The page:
Why we must take white supremacist symbols seriously


Regardless of the motivations of the young men at the Army Navy game, here’s a good rule of thumb: If you are using such a gesture because you think it’s funny to pretend that you’re a white supremacist, you just might be one.

White supremacy is a serious problem in our military, according to a poll of military members themselves, and the bipartisan defense appropriations bill mandates a new report on extremism within the ranks. But the as-yet-undefined gesture at the game reminds me first of the kind of thing we’re seeing far too often from the same generational cohort of those midshipmen and cadets, their fellow American college students.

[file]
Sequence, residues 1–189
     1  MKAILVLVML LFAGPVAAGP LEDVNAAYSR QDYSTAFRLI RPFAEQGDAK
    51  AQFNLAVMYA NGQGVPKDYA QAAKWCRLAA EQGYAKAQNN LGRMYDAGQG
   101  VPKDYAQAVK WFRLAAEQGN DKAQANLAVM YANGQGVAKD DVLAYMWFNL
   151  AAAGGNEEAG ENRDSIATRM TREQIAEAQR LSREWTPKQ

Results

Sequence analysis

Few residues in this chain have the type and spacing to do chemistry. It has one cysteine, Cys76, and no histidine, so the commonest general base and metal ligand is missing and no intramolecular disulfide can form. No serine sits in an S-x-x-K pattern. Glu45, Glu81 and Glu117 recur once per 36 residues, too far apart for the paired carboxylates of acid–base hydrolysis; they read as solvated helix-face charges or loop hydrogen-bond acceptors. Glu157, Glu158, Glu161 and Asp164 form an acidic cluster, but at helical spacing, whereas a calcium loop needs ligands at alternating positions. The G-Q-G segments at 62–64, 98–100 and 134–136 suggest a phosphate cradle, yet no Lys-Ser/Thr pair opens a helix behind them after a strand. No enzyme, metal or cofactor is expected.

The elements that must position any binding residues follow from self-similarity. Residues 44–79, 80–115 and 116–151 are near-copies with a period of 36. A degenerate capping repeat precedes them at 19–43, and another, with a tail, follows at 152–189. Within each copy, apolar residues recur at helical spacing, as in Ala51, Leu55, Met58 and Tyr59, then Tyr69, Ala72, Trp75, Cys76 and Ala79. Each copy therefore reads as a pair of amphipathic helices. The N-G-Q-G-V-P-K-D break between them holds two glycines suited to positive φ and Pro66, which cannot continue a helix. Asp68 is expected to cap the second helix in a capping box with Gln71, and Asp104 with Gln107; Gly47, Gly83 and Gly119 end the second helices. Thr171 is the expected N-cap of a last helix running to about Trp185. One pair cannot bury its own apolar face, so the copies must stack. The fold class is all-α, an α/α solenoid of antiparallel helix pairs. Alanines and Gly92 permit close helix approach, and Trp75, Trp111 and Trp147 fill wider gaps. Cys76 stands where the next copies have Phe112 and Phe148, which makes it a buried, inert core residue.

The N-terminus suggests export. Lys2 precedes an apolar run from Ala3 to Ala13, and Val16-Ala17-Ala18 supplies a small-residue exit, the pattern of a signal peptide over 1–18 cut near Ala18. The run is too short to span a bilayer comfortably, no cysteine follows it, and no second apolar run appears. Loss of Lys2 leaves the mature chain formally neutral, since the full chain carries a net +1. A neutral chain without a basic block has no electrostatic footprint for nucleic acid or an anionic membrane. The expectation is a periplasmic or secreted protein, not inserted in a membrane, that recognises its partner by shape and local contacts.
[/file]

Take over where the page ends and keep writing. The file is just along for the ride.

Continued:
Even as right-wing media portrays universities as hotbeds of politically correct censorship and the Trump administration seeks to use the power of the federal government to censor left-wing speech, white supremacist activity on college campuses has reached unprecedented levelssince groups like the Anti-Defamation League began tracking it.

Why we must take white supremacist symbols seriously

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